SEARCA: “Transfarmers” needed in forming Agri-Food Systems

  • 29 June 2021, Tuesday

SEARCA: “Transfarmers” needed in forming Agri-Food Systems

Recognizing the importance of listening and including farmers in the process of transforming agri-food systems, the Southeast Asian Regional Center on Graduate Study and Research in Agriculture (SEARCA) and CropLife Asia (CLA) hosted “Transforming Pathways: Working with Farmers in the Agri-food Systems”. This independent dialogue in connection with the United Nations Food Systems Summit (UNFSS) was held last 14 June via Zoom.

“There is a need to transform agricultural systems for long-term sustainability. In this process, farmers, the people who produce our food, must have an active role. This begins with transforming farmers into “transfarmers”. This is a new breed of farmers called with progressive mindsets and perspectives on farming as a business operating in a modern agriculture ecology,” said SEARCA Director and UNFSS Champion, Dr. Glenn B. Gregorio.

SEARCA Director and UN Food Systems Summit Champion, Dr. Glenn B. Gregorio and CropLife Asia Executive Director, Dr. Siang Hee Tan emphasized the significance of strengthening multi-sectoral collaboration and empowering farmers in their welcome remarks.SEARCA Director and UN Food Systems Summit Champion, Dr. Glenn B. Gregorio and CropLife Asia Executive Director, Dr. Siang Hee Tan emphasized the significance of strengthening multi-sectoral collaboration and empowering farmers in their welcome remarks.

Aimed at increasing utilization and improving farmer collaboration with the academe, industry, and the government (AIG) towards transformed food systems, more than 30 farmer-leaders from Indonesia, the Philippines, Thailand, and Vietnam took part in a three-hour dialogue with representatives from AIG. The dialogue was a platform to share information, knowledge, and experiences related to three topics aligned with UNFSS action tracks. These are (1) using digital technologies in producing safe and nutritious food for all; (2) developing policies that promote an enabling environment for nature positive production; and (3) fostering partnerships to build resilience to vulnerabilities, shocks, and stresses.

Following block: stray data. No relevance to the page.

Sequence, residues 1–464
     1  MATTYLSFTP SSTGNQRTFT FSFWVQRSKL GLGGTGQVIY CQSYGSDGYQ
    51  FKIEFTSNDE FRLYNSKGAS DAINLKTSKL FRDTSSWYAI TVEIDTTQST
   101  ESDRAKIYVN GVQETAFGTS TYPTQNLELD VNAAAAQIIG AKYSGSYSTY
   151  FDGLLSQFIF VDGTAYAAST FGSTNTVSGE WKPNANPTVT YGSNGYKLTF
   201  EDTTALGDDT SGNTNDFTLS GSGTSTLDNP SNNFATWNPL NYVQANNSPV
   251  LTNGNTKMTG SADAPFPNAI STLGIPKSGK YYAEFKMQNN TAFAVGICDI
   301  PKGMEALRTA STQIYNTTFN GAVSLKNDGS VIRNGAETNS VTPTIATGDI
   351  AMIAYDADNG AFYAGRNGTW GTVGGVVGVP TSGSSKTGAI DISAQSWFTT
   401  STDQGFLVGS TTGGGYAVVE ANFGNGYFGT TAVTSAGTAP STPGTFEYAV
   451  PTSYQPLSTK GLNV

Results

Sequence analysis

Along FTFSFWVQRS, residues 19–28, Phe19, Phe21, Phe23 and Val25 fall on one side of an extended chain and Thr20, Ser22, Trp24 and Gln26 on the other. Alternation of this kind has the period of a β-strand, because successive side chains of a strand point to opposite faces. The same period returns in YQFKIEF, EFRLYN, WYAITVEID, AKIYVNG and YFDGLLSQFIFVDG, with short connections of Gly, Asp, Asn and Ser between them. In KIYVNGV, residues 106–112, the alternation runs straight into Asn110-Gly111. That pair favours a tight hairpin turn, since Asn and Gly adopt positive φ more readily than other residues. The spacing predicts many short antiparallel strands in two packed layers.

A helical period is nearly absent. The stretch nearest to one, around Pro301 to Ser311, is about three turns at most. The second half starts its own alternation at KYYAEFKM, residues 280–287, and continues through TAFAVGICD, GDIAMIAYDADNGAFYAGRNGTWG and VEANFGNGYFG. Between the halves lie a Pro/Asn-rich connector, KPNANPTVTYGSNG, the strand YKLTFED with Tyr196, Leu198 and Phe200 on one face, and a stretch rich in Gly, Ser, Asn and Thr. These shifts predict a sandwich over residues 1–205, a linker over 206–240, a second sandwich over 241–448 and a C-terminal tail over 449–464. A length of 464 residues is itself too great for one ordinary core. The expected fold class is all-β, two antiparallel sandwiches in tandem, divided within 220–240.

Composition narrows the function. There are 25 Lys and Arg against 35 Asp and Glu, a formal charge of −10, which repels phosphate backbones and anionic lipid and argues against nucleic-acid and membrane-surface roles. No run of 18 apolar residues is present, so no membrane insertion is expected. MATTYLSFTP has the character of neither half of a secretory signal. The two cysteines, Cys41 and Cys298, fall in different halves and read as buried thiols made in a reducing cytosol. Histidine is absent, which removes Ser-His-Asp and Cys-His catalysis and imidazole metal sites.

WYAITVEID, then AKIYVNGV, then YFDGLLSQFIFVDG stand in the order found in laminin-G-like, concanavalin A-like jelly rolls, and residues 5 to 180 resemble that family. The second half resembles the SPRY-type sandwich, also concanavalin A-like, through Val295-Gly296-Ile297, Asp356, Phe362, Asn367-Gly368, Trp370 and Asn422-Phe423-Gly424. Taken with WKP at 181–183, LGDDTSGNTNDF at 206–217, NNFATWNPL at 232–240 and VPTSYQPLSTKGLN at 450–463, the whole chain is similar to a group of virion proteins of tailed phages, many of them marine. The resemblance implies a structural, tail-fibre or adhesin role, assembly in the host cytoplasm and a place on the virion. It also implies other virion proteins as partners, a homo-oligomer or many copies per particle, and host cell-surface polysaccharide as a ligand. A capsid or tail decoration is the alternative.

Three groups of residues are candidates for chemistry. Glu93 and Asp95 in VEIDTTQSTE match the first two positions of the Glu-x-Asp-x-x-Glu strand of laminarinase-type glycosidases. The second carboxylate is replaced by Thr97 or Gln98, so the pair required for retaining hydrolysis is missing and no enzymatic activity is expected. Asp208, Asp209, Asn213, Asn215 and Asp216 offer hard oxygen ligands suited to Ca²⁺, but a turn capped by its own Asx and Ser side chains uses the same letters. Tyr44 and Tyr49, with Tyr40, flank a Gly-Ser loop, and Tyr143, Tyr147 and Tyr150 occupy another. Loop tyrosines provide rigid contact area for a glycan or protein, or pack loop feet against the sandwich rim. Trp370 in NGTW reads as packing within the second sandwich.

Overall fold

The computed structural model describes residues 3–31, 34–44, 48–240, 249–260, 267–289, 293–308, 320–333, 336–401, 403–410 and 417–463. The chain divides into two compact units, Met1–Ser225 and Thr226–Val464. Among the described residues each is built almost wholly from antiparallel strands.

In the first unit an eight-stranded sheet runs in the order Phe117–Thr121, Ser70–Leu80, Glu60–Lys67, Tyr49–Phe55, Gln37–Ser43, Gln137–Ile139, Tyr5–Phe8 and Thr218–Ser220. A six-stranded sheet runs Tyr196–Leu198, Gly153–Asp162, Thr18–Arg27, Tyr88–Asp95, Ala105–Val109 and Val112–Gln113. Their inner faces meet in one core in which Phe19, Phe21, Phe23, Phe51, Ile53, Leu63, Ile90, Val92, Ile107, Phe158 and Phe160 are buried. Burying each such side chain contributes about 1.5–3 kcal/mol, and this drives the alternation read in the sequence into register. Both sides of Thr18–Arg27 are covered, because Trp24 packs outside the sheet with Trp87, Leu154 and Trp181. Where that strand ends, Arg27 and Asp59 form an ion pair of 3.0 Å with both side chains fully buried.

Dr. Gregorio further emphasized that the enabling environment to support the needed change for smallholder farmers should come directly from the farmers themselves. “Let us understand where our farmers are in terms of policy, technology, and industry development and of course, their integrated phases to have more action points and effective strategies in programs that benefit them the most,” he added.

National Academy of Science and Technology Academician and University of the Philippines Mindanao Professor Emeritus Dr. Eufemio T. Rasco, Jr. set the tone for the discussion as dialogue curator. Dr. Rasco worked with Dr. Zool Hilmi Ismail (Malaysia), Dr. Karen Eloisa T. Barroga (Philippines), and Dr, Kanokwan Chodchoey (Thailand), in facilitating three breakout sessions to gather insights from the farmers. These were on the influencing conditions that should be in place to foster change in the farming sector. The sessions focused on three major threads: (1) policy, which concerns different government institutions; (2) technology, a concern for research and development institutions and the academe; and (3) resilience, which concerns everyone, but is dependent on a sound collaboration industry players.

The participants of the dialogue composed of more than 30 farmer-leaders from Indonesia, the Philippines, Thailand, and Vietnam along with other stakeholders from the AIG and partners from SEARCA and CropLife Asia’s network.The participants of the dialogue composed of more than 30 farmer-leaders from Indonesia, the Philippines, Thailand, and Vietnam along with other stakeholders from the AIG and partners from SEARCA and CropLife Asia’s network.

Emerging key recommendations and action points centered on the need for multi-sectoral support on interventions such as improving market access; capacity building activities on new technologies especially for ageing farmers; providing crop diversification and insurance programs; reducing economic risks of farming through good agricultural practices; laymanizing research results for farmers; and using digital technology such as weather forecasting equipment to protect crops from natural calamities.  

According to CLA Executive Director Dr. Siang Hee Tan, “this partnership between SEARCA and CLA helps in raising the voice of our farmers at a critical time for Asia and the world. Dr. Tan continues “we look forward to continuing our work together to ensure that our farmers are enabled and empowered to meet the challenges of a growing world”.